Every pregnancy starts out with a 3-5% chance of having a birth defect. This is called the background risk. When a person who is pregnant has syphilis, the infection can pass to the fetus. This is called vertical transmission. The fetus can then also become infected. This is called congenital syphilis. Babies with congenital syphilis can have an enlarged liver and/or spleen and problems with the bones, teeth, or the eyes.
Syphilis can be passed to a fetus during any trimester of pregnancy. Transmission can also happen during delivery if there is direct contact with an infected sore. The highest rates of vertical transmission in pregnancy are reported among people with untreated syphilis and with primary or secondary syphilis in their third trimester of pregnancy (60–100%). Reported vertical transmission rates with early-latent syphilis are about 40% (2 out of 5), and about 8% (2 out of 25) during the late-latent stage.
Does having/getting syphilis increase the chance of other pregnancy-related problems?
Congenital syphilis can increase the chance of preterm delivery (birth before week 37), low birth weight (weighing less than 5 pounds, 8 ounces [2500 grams] at birth), or stillbirth.
After the baby is born, jaundice (yellowing of the skin and eyes), swelling of the joints, skin rash, low blood count, runny nose, and problems with feeding can occur. It is also possible that a baby with congenital syphilis will not have any symptoms at birth. However, some babies can develop problems in the first few weeks after birth, or years later. Because of this, monitoring for symptoms may be recommended. Getting appropriate treatment for the baby quickly is important to avoid serious problems, including seizure and death.
Does having/getting syphilis in pregnancy affect future behavior or learning for the child?
Exposure to syphilis during pregnancy can increase the chance of learning problems, problems with hearing and the eyes, and developmental delay in the child.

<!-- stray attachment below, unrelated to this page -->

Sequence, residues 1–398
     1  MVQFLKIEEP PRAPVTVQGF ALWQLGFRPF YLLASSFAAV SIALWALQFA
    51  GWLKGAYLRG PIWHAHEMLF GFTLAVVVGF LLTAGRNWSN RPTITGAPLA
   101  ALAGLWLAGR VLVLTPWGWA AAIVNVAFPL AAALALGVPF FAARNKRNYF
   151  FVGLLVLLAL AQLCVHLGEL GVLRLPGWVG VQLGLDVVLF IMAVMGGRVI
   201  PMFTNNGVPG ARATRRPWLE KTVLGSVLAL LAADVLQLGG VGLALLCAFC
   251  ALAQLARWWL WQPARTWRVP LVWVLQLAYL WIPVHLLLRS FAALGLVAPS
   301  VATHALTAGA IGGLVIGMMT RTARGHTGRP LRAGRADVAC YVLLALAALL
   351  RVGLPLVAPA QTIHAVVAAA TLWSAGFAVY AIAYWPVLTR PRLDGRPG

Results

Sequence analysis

What screenings or tests are available to see if my pregnancy has birth defects or other issues?
Prenatal ultrasounds can be used to screen for some birth defects. Ultrasound can also be used to monitor the growth of the pregnancy. Talk with your healthcare provider about any prenatal screenings or testing that are available to you. There are no tests available during pregnancy that can tell how much effect there could be on future behavior or learning.
Breastfeeding and syphilis:
People with syphilis can breastfeed if the baby or pumping equipment does not touch a sore. If you have sores on your breast, pump or hand-express your milk until the sores heal. If parts of your breast pump also touch the sore(s) while pumping, discard the breast milk.
Penicillin has been used to treat syphilis and can be used while breastfeeding unless you or your baby are allergic to it. If you or your baby have a penicillin allergy, your healthcare provider will go over what treatment is best for you. Be sure to talk to your healthcare provider about all your breastfeeding questions.
If a male has syphilis, can it make it harder to get a partner pregnant or increase the chance of birth defects?
Males with syphilis may pass the infection on to their partner through sexual contact, which can increase risks to a pregnancy. People with syphilis should be treated right away. Talk with your healthcare provider as soon as possible if you or your partner has syphilis. For more general information on paternal exposures, please see the MotherToBaby fact sheet at https://mothertobaby.org/fact-sheets/paternal-exposures-pregnancy/.
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OTIS/MotherToBaby encourages inclusive and person-centered language. While our name still contains a reference to mothers, we are updating our resources with more inclusive terms. Use of the term mother or maternal refers to a person who is pregnant. Use of the term father or paternal refers to a person who contributes sperm.